Only one physical output has a DP to HDMI adapter on it, but the problem has been mostly observed on the direct native DP connections. We can reproduce the issue just by soft power cycling just one of the monitors. (And it’s not necessarily a particular one).

We also have a second problem that is not easily reproducible, it takes some number of days of continuous running, where we get a graphics system deadlock of some type - everything GUI-related is frozen inc mouse pointer, but O/S is still very much alive underneath. This problem manifests spontaneously and does not coincide with monitor power cycling activity. The last time this happened, disconnecting one of the monitors DP cables suddenly released the deadlock and everything carried on. If it wasn’t for the similarity of the involvement of the low level DP signal presence I would have said these were unrelated issues. But let’s focus on the first one problem because we can get that to reproduce reasonably easily, and that might lead to discoveries relating to the second. If Engineering has any other reports like this one please let us know though. Since this last happened we have switched to the Feature branch version and are waiting to see if it happens again. (The first issue happens with both the production and feature branches).

Cheers, mctozz

Thank you for the detailed information!

I will forward this to the experts since this is outside my personal expertise, hopefully they will have some suggestions how to address your issues.

Hi again,

I had an exchange with our experts and received a few clarifications and suggestions that might help you.

First of all regarding the the cached EDID information, this will NOT fake a permanent connection with DP monitors, it only swaps any real EDID from a sink for an EDID from file, whenever an EDID is being requested for a modeswitch for example. For DisplayPort specifically there needs to be link-training between sender and receiver on every modeswitch to negotiate configuration and bandwidth.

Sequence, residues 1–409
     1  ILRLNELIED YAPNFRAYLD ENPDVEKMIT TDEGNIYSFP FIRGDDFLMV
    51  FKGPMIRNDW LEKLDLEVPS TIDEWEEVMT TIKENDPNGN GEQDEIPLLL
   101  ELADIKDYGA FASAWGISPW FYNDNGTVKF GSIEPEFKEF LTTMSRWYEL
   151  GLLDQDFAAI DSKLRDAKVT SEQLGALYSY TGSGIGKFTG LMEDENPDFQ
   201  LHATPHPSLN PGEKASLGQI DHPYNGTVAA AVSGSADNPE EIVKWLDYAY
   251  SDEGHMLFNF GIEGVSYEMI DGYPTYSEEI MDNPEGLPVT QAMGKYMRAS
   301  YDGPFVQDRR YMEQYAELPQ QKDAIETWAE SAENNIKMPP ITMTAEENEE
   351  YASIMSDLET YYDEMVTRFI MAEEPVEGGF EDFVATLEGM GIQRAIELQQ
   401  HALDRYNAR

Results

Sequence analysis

If a connected monitor is power-cycled there might or might not be a low-level link-training and proper reconnection can fail depending on the given situation. To verify this you could hot-unplug and replug the monitor without a signal.

So the best recommendation we can give is to NOT turn off the screens, but always (re)boot the system with the screens already on. In case of DP the cached EDID is not helping to guarantee a connection and correct bandwidth.

I also got some feedback regarding the other issue you mentioned. There is precedence with bad connections (bad cable or similar) that would trigger constant re-training of the DP link and that way cause an OS deadlock. To narrow down that issue you should test with shorter cables and avoid adapters.

Cable issues can of course also have an influence on general signal/bandwidth reliability.

I hope this helps you to troubleshoot your issues.

Thanks for the follow through.

On the first issue, for the avoidance of doubt we’re going to source some different, high bandwidth DP cables to test this with, but I personally don’t think this is the problem in our testing environment.